Jacobus Kapteyn Telescope
|Jacobus Kapteyn Telescope|
The Jacobus Kapteyn Telescope in 2011 against a background of clouds as the sun rises.
|Organization||Isaac Newton Group of Telescopes|
|Location||La Palma, Canary Islands|
|Coordinates||+28° 45' 40.54", -17° 52' 41.21"|
|Telescope style||Parabolic Mirror|
|Website||The Isaac Newton Group of Telescopes (ING) JKT Page|
The Jacobus Kapteyn Telescope or JKT is a 1m optical telescope named for the Dutch astronomer Jacobus Kapteyn of the Isaac Newton Group of Telescopes on La Palma in the Canary Islands. Funded jointly by the Netherlands and the United Kingdom with planning throughout the 1970s, construction of the JKT was completed in 1983 with the first photographic plate taken in March 1984. It can be used with two different focal points and different instruments, although by 1998 this was refined to one CCD imaging instrument. The telescope weighs nearly 40 metric tons, in total, according to JKT documentation from the Isaac Newton Group website.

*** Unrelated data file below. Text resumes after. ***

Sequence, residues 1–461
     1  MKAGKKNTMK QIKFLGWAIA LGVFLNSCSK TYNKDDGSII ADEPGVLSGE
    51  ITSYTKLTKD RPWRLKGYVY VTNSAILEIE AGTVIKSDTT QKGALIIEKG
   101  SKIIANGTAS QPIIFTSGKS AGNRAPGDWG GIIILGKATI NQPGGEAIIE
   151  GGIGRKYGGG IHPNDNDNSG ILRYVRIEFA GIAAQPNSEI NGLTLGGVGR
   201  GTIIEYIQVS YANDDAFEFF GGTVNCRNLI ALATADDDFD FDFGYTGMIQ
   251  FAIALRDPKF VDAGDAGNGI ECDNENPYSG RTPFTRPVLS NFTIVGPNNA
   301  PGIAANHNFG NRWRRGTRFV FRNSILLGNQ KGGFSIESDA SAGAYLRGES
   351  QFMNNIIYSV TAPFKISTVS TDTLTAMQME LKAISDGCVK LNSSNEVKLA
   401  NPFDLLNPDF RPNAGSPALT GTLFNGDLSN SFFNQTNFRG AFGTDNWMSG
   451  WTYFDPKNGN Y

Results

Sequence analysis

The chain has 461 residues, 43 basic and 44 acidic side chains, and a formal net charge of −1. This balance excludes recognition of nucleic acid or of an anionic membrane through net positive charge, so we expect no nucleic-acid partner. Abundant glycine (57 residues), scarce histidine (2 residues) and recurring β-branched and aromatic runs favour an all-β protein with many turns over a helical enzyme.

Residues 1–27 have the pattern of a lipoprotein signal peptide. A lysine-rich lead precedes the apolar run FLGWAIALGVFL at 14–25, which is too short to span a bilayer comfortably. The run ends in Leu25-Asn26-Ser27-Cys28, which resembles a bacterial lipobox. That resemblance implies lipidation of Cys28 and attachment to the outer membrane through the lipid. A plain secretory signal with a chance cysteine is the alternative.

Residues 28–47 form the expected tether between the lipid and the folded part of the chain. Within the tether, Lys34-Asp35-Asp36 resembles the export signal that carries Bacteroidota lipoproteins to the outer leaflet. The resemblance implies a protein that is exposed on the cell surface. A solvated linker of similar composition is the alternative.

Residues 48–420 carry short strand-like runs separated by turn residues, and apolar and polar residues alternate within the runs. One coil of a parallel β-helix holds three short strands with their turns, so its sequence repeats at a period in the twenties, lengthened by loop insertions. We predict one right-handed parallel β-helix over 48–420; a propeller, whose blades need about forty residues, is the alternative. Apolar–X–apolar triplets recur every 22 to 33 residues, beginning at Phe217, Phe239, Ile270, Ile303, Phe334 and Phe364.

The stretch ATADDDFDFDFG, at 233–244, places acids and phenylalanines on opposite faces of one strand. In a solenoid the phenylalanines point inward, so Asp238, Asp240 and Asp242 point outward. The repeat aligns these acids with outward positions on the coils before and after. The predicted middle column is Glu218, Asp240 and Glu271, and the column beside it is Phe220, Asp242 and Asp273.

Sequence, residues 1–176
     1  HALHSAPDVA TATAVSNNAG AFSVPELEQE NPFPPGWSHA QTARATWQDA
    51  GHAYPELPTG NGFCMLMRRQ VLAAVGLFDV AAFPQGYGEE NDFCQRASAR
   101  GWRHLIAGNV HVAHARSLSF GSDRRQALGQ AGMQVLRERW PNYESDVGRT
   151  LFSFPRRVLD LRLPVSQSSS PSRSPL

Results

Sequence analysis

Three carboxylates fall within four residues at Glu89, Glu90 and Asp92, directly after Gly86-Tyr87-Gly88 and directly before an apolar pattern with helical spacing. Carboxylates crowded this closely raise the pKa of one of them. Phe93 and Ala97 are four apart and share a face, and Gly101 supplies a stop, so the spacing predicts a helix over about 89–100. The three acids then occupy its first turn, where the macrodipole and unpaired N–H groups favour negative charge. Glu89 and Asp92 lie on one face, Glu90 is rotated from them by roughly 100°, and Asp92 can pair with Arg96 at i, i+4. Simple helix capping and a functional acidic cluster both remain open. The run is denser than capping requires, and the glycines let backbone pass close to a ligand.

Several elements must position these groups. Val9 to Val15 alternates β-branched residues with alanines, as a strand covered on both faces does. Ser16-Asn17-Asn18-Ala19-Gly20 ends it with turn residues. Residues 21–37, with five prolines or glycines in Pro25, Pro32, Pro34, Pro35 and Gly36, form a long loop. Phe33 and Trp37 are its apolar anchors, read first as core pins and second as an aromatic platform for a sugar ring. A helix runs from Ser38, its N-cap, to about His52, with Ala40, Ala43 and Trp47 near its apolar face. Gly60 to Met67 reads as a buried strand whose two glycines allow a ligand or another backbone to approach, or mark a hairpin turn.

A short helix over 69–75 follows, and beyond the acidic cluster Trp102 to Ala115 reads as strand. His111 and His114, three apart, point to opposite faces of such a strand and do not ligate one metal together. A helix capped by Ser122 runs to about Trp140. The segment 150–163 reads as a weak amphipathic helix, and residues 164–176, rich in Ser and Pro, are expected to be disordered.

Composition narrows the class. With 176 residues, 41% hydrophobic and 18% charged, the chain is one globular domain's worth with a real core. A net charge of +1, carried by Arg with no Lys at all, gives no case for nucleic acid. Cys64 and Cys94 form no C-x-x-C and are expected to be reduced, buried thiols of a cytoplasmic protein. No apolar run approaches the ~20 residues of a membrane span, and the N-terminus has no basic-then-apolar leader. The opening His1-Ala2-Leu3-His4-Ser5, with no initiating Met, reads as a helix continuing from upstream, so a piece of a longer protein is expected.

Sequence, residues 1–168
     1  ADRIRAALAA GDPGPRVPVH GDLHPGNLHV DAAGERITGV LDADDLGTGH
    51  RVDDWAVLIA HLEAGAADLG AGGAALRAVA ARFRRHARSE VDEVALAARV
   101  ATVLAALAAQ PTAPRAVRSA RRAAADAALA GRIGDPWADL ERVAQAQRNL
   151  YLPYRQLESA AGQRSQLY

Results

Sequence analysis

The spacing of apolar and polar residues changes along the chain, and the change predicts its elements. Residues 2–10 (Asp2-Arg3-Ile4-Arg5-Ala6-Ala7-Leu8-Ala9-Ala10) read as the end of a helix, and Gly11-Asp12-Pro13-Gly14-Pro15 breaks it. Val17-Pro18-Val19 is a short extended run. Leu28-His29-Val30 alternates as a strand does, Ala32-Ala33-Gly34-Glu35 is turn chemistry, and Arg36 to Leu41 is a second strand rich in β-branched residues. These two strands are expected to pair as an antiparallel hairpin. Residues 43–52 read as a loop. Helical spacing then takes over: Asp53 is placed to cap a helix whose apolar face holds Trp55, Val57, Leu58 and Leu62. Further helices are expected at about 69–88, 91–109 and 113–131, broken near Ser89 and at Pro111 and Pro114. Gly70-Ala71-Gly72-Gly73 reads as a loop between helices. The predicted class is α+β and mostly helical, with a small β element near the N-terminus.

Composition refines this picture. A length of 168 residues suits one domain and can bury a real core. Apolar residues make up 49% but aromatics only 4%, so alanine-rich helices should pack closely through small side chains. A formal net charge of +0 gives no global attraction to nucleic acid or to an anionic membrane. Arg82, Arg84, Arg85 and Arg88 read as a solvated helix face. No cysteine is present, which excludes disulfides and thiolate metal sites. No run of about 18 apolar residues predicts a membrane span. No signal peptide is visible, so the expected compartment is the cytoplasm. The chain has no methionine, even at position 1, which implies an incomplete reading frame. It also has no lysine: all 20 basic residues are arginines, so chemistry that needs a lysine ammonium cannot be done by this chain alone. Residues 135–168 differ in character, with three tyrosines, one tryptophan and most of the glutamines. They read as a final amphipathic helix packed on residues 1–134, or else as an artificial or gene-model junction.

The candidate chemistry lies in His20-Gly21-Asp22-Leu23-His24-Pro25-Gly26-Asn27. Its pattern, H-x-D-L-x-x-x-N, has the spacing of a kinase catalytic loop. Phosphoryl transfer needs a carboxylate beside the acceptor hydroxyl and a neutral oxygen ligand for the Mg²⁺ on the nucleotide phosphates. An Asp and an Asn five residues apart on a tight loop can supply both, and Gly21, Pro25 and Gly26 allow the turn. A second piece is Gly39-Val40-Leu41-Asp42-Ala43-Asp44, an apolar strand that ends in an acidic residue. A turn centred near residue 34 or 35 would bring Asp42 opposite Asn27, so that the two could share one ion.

Now superseded by more recent and larger telescopes it was taken out of service as a common-user facility as of August 2003. The Southeastern Association for Research in Astronomy (SARA) is now working to enable the JKT as a remotely operated observatory, with the first new observations scheduled for January 2015.
- The Isaac Newton Group of Telescopes (ING) JKT Page
- The Southeastern Association for Research in Astronomy